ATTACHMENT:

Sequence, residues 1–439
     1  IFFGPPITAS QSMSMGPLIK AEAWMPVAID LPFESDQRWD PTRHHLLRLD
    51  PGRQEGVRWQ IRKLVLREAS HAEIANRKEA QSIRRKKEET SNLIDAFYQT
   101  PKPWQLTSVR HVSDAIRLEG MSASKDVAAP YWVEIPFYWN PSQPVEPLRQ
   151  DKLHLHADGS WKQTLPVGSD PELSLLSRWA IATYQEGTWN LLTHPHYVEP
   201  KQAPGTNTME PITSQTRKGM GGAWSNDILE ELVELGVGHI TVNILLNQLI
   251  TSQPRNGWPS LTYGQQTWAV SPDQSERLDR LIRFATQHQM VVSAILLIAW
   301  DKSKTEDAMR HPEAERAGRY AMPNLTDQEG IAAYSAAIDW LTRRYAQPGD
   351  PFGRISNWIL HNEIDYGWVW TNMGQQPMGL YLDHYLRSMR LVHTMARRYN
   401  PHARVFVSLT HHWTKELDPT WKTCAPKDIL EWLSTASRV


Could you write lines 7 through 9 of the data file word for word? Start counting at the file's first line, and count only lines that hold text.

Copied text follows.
   251  TSQPRNGWPS LTYGQQTWAV SPDQSERLDR LIRFATQHQM VVSAILLIAW
   301  DKSKTEDAMR HPEAERAGRY AMPNLTDQEG IAAYSAAIDW LTRRYAQPGD
   351  PFGRISNWIL HNEIDYGWVW TNMGQQPMGL YLDHYLRSMR LVHTMARRYN